Have your best people around you
Whether it’s family, friends, work colleagues, study partners or anyone else, there is nothing even close to the importance of having people around you who believe in you and in your goal, and will lift you up in the moments where you doubt everything. I myself would have never got where I am without the continuous support of my family and close friends, who, when I most needed it, lifted me up and kept me going.
Because, always remember, both the job of a pilot and the journey to getting there are team efforts, the better the team you surround yourself with, the easier it’ll be to achieve your goals and, even more importantly, the less of a struggle it’ll be to pull through the difficult times that come along the way.
Decide if you're going to work or study in your spare time
It is also important to mention that regardless of your personal circumstances, whether you choose to either work or study whilst trying to complete your flight training, it is hard to plan well when to find the time to do everything you want to as most of your time off and vacations will have to be dedicated to flying. It does not sound as a sacrifice at first because flying is our shared passion but when it takes time away from time you would be relaxing, having fun or spending it with your loved ones then it can be a bit hard sometimes on your mental health. This topic is what leads me to my last but most important point, happiness and mental health.
Be intentional about finding a balance
Speaking from experience, balancing either work or University with flight school is an extremely time-consuming task that can lead to many times where you’d be wishing you are focusing on your present social and personal life rather than solely on your future. It is a very long journey that, in the future, you might regret not having enjoyed yourself enough and I think there is a very important balance to be found there, which is a lot easier said than done.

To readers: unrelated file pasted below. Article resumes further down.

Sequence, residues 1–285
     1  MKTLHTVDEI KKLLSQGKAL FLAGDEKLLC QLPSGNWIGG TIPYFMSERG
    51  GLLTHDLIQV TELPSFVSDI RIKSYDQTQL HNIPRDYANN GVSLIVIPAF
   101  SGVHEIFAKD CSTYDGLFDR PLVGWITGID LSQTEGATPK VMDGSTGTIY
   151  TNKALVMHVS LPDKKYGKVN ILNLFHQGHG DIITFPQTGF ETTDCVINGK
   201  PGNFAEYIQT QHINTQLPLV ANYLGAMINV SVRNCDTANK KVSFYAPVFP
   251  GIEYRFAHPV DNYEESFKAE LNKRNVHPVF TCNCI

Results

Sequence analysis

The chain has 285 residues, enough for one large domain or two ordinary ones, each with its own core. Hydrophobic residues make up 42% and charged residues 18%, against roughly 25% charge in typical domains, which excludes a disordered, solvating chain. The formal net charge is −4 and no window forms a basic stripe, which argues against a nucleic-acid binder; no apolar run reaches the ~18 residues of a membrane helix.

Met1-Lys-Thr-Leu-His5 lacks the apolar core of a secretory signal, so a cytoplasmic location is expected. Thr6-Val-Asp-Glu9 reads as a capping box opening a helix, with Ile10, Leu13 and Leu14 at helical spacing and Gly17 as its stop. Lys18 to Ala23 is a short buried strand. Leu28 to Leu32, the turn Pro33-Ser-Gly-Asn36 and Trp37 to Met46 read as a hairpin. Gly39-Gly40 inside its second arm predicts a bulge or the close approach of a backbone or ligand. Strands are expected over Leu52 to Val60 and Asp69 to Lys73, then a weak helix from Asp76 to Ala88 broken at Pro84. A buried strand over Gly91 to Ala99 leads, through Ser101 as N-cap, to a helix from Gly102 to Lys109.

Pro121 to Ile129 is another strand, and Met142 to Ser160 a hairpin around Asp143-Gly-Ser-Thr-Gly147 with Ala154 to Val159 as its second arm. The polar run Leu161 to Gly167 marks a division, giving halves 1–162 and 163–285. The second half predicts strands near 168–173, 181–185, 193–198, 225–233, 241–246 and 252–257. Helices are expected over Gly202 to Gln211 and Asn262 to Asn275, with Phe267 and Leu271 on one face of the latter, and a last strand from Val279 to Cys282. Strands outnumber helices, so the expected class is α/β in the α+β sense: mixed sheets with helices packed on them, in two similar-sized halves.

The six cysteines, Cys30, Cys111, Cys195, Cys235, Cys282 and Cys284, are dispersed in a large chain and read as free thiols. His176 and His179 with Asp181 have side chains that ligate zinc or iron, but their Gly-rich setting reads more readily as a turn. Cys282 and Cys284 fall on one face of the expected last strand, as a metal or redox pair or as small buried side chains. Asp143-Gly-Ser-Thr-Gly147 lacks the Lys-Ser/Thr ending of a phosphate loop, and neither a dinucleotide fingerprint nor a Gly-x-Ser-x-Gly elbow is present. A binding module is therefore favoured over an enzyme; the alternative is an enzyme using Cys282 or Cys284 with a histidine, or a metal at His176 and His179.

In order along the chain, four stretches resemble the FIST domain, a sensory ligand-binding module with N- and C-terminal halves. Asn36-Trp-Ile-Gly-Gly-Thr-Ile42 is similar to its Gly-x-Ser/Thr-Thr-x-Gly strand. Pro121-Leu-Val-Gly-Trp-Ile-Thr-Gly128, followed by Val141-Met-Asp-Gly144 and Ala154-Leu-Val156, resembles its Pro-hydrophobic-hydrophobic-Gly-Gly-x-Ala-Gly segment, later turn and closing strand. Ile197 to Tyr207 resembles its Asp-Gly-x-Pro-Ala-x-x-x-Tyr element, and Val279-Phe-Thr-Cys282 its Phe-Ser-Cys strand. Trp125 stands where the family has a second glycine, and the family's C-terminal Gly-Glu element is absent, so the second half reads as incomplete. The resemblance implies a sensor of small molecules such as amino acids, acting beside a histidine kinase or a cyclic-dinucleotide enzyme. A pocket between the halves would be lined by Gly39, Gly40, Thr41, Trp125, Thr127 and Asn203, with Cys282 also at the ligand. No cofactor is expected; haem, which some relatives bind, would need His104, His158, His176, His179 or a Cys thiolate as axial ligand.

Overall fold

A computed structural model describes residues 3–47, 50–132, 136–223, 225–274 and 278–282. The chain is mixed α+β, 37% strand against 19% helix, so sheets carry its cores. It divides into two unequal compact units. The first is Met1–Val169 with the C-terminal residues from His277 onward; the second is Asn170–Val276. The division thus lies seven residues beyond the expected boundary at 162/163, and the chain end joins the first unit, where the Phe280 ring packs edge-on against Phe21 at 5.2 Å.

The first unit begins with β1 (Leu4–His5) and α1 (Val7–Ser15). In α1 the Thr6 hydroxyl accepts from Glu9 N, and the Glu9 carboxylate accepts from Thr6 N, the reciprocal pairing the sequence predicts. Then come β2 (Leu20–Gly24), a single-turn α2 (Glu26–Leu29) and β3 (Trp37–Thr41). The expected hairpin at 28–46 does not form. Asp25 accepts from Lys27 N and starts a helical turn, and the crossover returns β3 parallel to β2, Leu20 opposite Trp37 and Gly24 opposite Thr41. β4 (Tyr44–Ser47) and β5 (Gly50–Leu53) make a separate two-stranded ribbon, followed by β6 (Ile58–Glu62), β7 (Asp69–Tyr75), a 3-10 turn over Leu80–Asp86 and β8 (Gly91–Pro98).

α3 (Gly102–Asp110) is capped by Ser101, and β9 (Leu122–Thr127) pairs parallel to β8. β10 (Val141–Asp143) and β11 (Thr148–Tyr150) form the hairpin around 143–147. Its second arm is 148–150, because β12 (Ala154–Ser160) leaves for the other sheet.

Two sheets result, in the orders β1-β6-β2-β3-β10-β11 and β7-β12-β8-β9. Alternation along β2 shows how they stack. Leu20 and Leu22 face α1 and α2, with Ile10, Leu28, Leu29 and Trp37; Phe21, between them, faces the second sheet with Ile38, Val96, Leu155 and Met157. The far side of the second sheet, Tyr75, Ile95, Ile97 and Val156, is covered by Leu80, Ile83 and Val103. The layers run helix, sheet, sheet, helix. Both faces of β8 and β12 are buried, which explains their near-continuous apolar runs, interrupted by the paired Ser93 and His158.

Your focus on the future cannot be the sole driver of your choices in life. The balance between the future goals and present happiness the most important balance to be found during any period of time.
My final conclusions
Overall, one of the most important things that engineering has taught me is that if you put your mind and effort into it, with good time management, you are capable of doing much more than what you think is possible at the moment.
Will you have to make sacrifices in order to balance work/University with flight training? Yes.
Will you have to make difficult decisions along the way? Yes, of course.
Can it be done? Yes, if you are willing to put in the hard work.
Will you look back and have done stuff differently? Yes, no one gets everything right the first time.
Does it have to come at the cost of your happiness? NO.
Because what is the point of working towards a future that you hope will make you happy if you are not happy in the present? You must do your best to enjoy the journey.